These two authors contributed equally to this work.
Research Article: Binding of Cordycepin Monophosphate to AMP-Activated Protein Kinase and its Effect on AMP-Activated Protein Kinase Activation
Article first published online: 3 AUG 2010
© 2010 John Wiley & Sons A/S
Chemical Biology & Drug Design
Volume 76, Issue 4, pages 340–344, October 2010
How to Cite
Wang, Z., Wang, X., Qu, K., Zhu, P., Guo, N., Zhang, R., Abliz, Z., Yu, H. and Zhu, H. (2010), Research Article: Binding of Cordycepin Monophosphate to AMP-Activated Protein Kinase and its Effect on AMP-Activated Protein Kinase Activation. Chemical Biology & Drug Design, 76: 340–344. doi: 10.1111/j.1747-0285.2010.01019.x
- Issue published online: 6 SEP 2010
- Article first published online: 3 AUG 2010
- Received 24 November 2009, revised 25 June 2010 and accepted for publication 3 July 2010
- adenosine monophosphate (AMP);
- AMP-activated protein kinase;
- cordycepin monophosphate;
- molecular docking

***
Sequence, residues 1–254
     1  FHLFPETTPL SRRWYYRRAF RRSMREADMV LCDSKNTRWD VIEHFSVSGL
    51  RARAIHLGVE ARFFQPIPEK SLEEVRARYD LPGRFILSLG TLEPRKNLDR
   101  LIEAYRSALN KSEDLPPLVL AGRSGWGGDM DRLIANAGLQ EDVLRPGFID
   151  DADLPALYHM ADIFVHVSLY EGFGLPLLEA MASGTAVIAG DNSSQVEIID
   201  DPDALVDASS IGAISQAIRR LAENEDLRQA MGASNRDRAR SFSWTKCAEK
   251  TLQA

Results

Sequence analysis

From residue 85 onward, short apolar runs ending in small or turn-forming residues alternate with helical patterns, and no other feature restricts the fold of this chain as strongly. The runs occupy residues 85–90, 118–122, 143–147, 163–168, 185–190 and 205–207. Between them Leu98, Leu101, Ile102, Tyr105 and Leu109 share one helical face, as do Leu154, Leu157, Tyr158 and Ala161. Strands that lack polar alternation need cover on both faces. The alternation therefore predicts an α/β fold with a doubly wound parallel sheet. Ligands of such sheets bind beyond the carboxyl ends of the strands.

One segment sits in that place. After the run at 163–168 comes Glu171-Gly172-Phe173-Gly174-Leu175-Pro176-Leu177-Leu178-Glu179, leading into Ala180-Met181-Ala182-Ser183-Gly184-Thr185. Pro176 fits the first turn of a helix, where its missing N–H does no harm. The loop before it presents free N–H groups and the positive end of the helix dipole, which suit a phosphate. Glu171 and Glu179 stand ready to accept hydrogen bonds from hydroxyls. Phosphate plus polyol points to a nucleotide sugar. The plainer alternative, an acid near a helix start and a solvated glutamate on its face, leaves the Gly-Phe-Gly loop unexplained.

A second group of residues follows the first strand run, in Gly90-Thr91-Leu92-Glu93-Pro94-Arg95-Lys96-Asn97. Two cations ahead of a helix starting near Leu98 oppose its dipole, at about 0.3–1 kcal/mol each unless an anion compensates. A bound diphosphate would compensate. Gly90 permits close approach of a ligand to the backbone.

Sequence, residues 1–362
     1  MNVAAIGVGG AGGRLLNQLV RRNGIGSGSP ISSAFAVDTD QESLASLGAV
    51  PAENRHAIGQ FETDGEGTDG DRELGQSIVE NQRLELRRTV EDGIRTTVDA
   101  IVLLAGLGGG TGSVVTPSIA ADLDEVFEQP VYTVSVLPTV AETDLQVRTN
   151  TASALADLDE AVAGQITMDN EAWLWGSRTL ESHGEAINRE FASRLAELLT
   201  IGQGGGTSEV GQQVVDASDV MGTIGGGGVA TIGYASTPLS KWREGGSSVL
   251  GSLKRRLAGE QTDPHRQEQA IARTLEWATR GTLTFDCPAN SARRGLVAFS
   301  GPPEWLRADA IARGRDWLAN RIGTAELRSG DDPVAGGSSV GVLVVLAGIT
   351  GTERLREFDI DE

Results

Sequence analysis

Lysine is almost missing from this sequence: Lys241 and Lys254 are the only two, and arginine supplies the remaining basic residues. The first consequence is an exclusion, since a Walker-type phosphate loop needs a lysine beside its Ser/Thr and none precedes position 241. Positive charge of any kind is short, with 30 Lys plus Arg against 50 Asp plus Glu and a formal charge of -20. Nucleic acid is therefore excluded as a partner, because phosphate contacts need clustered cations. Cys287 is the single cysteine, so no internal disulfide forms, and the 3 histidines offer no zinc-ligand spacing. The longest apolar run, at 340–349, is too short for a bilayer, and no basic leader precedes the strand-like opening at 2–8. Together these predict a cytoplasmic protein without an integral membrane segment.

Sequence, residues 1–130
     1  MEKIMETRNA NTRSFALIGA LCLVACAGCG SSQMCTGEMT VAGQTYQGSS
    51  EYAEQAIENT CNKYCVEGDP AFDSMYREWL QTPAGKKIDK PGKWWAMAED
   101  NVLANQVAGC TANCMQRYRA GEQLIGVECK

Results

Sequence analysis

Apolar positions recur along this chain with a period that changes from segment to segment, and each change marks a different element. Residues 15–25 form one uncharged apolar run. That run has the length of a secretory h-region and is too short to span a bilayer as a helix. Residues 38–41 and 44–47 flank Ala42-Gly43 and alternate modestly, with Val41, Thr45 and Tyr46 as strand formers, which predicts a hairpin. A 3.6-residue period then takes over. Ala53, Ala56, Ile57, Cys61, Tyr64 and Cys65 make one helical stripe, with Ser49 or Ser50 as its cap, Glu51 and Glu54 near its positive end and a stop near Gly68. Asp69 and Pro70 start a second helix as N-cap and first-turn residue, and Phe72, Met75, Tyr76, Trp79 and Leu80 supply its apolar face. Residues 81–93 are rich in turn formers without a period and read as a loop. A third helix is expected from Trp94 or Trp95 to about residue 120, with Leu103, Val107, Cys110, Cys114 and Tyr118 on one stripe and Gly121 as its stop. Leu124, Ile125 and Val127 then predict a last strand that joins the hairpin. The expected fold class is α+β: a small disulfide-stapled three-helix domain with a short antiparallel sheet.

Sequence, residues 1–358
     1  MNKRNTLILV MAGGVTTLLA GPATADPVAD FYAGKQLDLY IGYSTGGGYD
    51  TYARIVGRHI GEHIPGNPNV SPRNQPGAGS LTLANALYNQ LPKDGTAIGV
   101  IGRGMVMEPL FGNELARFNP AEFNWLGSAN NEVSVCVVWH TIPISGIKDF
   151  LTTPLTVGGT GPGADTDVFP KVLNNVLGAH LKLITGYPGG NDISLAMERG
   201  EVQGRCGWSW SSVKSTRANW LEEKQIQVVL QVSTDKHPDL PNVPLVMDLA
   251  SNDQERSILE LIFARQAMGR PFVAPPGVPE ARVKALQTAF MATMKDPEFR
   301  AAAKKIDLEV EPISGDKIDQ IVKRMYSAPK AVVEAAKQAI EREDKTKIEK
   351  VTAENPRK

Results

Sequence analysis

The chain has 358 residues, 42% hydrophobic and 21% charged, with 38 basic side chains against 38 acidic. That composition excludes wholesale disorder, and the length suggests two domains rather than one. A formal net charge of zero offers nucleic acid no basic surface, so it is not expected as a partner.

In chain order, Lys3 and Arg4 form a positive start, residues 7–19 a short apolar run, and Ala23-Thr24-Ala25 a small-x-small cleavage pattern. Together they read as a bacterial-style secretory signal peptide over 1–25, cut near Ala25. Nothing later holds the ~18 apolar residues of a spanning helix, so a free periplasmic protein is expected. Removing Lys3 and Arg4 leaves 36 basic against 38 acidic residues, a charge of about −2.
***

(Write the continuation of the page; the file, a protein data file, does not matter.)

It had been reported that cordycepin could activate AMP-activated protein kinase. One possible mechanism is that cordycepin mediated AMP-activated protein kinase activation by conversion into cordycepin monophosphate, which acts as an AMP analog to activate AMP-activated protein kinase. To confirm the aforementioned hypothesis, we investigate the binding of cordycepin monophosphate to AMP-activated protein kinase using molecular docking. The modeling results indicate that cordycepin monophosphate binds to AMP-activated protein kinase with high affinity. The hydrogen bonds provide attractive forces between molecules. Our results further identify the key residues contributing to the interaction. Also, the modeling results predict that cordycepin monophosphate and AMP would have similar binding modes with AMP-activated protein kinase. Further investigation of AMP-activated protein kinase activation in vitro provides the evidence that cordycepin monophosphate functioned as an AMP mimic to activate AMP-activated protein kinase.